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1 Dec, 2003

WTM 2003 Dispatch 8: To Boycott, Or Not To Boycott

Some countries are still ruled by people considered by Western countries to be dictators and despots. Zimbabwe is one such country. Although it is a superb tourism destination, some say sending tourists there is tantamount to supporting an ‘odious’ regime. Others disagree.

– From the World Travel Market 2003 in London

Eighth in a series of dispatches taking an in-depth look at the issues, policies, strategies and trends that emerged at one of the world’s largest travel trade shows.

1. TO BOYCOTT, OR NOT TO BOYCOTT: Some countries are still ruled by people considered by Western countries to be dictators and despots. Zimbabwe is one such country. Although it is a superb tourism destination, some say sending tourists there is tantamount to supporting an ‘odious’ regime. Others disagree.

2. TRAVEL IMPACT NEWSWIRE’S VIEW: Where does this newsletter stand on the issue? Read on.


EDITOR’S NOTE: In a world declared by US President George W Bush to be divided into for-us or against-us groups, holidays and even convention venues increasingly are being decided on the basis of political preferences. The former British colony of Zimbabwe is one country facing the heat.

In its winter 2003/2004 issue, the magazine TRAVEL AFRICA asked two contributors to present arguments for and against travel to Zimbabwe. Both chose to remain anonymous. The magazine said it had no position on the controversial subject but was presenting the views in order to help readers decide for themselves.

As other destinations are facing a similar dilemma — like Myanmar in the Asia-Pacific region — the arguments made here may apply equally in what is clearly becoming a contentious and thorny issue. These arguments are presented by the contributors to Travel Africa magazine. My own views follow.


There is no doubt that the Mugabe regime is about as odious as any we can remember in Africa. There is also no doubt that the people of Zimbabwe, and to a lesser extent of other Southern African countries, would be better off without him. The questions for us are whether tourism to Zimbabwe props up the regime, and whether its demise might be hastened by a boycott. To answer these, we need to examine how it gains from tourism, and the effects that a ban would have.

The regime benefits from tourism in several ways. Most importantly, there is currently an effective tax on the trade, in that 50% of all its hard-currency proceeds must be converted into Zimbabwe dollars at the official exchange rate of Z$824 to the US$. Since the real exchange rate is Z$6000 to the US$, this constitutes a huge hidden levy (slightly offset should you manage to claim approved expenses ù not an easy task).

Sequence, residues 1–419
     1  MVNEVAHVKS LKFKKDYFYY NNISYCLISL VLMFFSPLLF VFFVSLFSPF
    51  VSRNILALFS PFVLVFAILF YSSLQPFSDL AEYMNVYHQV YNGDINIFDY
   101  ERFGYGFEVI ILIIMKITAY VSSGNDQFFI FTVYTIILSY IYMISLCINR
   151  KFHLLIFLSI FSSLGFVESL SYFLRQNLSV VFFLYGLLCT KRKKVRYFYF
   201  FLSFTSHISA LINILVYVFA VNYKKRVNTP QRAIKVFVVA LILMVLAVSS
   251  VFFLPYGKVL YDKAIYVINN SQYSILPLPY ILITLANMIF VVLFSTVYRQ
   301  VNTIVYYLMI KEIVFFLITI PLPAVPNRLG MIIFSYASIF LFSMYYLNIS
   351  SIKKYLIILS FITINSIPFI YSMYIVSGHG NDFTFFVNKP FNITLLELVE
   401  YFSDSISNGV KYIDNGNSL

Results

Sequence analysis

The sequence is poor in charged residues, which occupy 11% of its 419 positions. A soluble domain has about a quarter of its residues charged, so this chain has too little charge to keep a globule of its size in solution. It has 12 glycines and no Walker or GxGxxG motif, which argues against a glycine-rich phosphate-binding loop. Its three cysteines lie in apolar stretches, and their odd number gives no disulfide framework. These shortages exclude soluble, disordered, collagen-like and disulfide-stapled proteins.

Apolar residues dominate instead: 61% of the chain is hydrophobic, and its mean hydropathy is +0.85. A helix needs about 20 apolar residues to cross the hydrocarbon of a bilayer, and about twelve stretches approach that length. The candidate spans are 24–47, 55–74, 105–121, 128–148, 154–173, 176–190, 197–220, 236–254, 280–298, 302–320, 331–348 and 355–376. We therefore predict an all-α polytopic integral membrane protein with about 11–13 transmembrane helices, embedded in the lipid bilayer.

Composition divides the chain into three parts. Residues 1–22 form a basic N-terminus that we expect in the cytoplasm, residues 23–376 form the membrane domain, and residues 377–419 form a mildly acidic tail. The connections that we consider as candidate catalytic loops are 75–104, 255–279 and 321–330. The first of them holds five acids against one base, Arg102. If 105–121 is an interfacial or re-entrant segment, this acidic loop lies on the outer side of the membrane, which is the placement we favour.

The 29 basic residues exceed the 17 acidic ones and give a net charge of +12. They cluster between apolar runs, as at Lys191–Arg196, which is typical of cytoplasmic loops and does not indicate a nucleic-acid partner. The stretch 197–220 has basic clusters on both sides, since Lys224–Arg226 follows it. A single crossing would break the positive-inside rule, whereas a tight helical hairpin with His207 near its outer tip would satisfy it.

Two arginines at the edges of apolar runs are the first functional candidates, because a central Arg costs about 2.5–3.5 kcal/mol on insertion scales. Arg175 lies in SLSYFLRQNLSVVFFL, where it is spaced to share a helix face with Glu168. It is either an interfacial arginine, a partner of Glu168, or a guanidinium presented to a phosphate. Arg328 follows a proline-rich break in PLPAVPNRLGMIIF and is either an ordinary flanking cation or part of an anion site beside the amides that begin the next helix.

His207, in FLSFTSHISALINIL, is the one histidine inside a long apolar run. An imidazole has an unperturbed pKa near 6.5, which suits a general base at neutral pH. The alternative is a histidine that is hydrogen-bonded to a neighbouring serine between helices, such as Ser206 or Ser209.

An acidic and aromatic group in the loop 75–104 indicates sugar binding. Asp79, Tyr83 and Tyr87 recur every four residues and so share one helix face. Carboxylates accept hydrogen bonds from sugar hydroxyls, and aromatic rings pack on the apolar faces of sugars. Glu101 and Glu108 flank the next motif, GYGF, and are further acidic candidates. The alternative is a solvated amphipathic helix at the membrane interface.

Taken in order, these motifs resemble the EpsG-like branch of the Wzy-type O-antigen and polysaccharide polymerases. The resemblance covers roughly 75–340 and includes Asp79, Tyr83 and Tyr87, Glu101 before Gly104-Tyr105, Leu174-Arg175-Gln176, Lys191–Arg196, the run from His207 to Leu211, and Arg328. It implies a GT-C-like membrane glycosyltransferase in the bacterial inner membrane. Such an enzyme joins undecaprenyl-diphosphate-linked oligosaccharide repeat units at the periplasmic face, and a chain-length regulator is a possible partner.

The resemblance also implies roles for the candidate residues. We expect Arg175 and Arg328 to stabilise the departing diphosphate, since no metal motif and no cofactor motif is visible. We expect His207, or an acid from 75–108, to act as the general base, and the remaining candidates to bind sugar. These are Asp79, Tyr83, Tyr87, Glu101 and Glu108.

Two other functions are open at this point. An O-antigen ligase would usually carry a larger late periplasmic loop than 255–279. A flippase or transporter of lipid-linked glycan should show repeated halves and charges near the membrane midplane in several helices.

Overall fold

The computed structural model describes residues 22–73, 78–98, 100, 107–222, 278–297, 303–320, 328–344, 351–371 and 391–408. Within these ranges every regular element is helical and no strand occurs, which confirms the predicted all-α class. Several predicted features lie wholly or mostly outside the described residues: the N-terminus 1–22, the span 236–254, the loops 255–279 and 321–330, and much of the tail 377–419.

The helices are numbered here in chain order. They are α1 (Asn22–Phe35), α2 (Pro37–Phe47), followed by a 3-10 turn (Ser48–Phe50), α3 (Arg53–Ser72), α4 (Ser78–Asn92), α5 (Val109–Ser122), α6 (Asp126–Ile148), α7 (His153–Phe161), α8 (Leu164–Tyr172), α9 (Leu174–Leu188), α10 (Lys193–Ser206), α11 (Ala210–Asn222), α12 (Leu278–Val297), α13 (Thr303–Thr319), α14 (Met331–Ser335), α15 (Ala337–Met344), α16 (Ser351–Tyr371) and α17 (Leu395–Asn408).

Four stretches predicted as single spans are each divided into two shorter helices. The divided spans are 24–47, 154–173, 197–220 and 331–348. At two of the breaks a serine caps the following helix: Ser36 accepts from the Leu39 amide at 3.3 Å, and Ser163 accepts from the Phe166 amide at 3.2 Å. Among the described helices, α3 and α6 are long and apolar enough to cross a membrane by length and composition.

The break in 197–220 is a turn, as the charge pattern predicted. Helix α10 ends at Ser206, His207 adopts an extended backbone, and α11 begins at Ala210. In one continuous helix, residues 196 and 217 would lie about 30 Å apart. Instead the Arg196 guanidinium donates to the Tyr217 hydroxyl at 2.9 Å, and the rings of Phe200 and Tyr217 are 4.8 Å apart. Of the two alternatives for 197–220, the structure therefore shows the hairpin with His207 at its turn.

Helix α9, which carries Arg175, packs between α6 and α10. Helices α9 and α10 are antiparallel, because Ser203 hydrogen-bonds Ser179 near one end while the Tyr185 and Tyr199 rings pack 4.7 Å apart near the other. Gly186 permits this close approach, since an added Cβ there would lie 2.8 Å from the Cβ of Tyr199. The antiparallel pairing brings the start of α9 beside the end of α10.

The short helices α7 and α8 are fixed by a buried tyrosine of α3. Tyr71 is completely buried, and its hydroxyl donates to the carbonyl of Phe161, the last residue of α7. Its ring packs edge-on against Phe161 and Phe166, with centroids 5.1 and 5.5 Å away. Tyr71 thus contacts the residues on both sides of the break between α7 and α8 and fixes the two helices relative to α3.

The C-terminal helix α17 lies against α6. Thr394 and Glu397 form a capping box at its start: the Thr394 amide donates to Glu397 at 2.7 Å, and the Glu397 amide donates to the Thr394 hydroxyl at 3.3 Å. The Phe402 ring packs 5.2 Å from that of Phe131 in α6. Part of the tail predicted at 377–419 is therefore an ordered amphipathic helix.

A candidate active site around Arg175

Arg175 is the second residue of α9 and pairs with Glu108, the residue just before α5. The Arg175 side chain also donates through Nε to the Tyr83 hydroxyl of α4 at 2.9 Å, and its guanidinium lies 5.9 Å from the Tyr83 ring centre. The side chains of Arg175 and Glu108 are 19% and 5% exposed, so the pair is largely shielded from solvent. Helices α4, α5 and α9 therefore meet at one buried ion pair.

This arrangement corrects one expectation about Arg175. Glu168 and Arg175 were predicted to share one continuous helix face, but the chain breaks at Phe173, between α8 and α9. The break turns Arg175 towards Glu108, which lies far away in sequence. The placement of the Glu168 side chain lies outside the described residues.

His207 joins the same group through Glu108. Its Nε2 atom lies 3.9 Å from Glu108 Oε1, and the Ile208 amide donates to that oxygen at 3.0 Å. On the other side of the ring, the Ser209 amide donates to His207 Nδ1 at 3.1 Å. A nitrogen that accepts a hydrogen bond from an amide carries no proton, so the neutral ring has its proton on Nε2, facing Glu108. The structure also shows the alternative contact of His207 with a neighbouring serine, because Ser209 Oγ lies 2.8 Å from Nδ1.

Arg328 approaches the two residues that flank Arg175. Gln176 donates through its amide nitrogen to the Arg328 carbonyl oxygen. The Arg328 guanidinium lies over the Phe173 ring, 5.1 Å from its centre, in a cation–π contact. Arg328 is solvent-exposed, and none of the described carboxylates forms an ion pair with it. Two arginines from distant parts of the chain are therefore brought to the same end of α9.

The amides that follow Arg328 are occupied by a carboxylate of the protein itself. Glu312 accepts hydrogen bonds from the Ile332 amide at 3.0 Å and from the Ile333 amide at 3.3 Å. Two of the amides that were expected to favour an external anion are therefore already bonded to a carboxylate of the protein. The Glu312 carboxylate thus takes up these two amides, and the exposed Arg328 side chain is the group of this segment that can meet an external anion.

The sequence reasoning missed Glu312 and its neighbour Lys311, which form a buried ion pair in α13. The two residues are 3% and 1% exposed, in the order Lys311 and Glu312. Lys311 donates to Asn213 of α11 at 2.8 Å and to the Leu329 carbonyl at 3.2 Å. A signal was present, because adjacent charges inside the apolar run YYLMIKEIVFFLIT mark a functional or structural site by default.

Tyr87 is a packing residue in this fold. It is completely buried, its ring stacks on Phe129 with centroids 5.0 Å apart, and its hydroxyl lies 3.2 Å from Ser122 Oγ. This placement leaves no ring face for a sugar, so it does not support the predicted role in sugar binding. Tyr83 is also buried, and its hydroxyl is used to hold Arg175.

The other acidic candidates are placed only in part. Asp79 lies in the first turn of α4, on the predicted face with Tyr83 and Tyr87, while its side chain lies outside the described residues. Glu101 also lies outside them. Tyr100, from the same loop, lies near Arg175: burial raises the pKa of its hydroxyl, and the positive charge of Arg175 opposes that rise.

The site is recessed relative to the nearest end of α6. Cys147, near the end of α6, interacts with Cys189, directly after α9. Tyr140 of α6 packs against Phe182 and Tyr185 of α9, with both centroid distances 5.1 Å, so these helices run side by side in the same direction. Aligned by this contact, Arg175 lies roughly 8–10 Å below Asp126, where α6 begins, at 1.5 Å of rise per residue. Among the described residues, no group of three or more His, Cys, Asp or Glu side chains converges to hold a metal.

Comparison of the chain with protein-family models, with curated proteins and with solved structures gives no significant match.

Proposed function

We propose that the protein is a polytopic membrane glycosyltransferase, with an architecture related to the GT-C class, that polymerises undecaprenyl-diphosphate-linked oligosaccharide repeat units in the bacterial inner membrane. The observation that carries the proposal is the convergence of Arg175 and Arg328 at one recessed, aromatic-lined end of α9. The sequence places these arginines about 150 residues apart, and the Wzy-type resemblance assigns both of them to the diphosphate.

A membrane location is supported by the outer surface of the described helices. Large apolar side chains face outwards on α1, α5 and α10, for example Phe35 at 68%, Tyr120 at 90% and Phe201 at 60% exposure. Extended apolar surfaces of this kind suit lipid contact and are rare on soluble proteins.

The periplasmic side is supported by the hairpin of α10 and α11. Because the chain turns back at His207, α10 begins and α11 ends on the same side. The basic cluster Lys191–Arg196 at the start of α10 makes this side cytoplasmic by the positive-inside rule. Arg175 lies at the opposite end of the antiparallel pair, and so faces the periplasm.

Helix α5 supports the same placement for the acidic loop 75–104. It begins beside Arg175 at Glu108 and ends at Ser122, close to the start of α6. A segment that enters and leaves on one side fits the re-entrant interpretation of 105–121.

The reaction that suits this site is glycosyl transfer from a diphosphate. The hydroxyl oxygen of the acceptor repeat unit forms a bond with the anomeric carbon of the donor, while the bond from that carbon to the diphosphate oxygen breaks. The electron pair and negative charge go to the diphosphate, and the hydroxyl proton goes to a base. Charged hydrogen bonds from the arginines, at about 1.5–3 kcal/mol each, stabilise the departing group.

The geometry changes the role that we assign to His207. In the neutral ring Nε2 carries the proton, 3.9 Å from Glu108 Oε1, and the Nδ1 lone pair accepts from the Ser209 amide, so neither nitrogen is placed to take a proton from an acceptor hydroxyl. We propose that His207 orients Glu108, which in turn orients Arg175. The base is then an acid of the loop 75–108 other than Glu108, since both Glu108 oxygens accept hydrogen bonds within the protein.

Secondly, Mugabe and his cronies profit directly from their private stakes in tourism properties and from safari hunting on state Land concessions. (Currently the properties are in difficulty, but the hunting remains mostly in profit.)

Third, there are the usual direct taxes levied on the industry, a benefit somewhat reduced at present by low visitor numbers.

Overall, the regime and some of its members are undoubtedly continuing to profit (though less now than most people expect) from the present limited tourism to Zimbabwe.

But what would be the consequences of a further reduction in visitor numbers? Naturally, the revenues and perks outlined above would be reduced, though not completely eliminated. It is unrealistic to expect that all foreign tourism would cease.

The problem is that there would be other, unintended, consequences.

The first is the economic and social impact. Prior to the current crisis, tourism was a major contributor to GDP and foreign exchange earnings, and was also creating more new jobs than any other sector of the economy. The collapse of tourism has decimated this contribution causing real hardship. Many jobs have been lost and those affected have not been able to find new employment. There is no social security in Zimbabwe and people have suffered.

Then we must consider the negative impact a boycott would have on wildlife and environment conservation. This has two aspects. First, the only means of surviva1 for unemployed people is subsistence agriculture. This is one of the factors that has made the land grab so appealing to many Zimbabweans; it solves their immediate survival needs. Thus each further deterioration in the economy, with its associated job losses, results in greater pressure on the land. Conservation (of wildlife and the environment) is the most immediate casualty. Throughout Africa this is paid for by tourism (even if indirectly in some instances). If tourism declines, so does the amount of money going into conservation. This is already pitifully apparent in Zimbabwe, and any further reduction in funding would have serious consequences.

There is a further complication: Wildlife competes with traditional farming practices for use of the land. The competitiveness of wildlife use (through tourism) is the major reason why there is still so much wild land and wildlife in Zimbabwe outside the national parks. Reducing tourism relentless undermines the profitability of wildlife as a land use and will result in more land being lost to agriculture. Wildlife suffers yet again.

In conclusion, Mugabes regime does benefit from even the currently limited amount of tourism to Zimbabwe and would indeed suffer if visitor numbers were further reduced. But the problem is that the people — and the wildlife — would suffer more. Both of these are already in so much trouble that further hardship would be intolerable. It is also unlikely that this measure would contribute to regime change.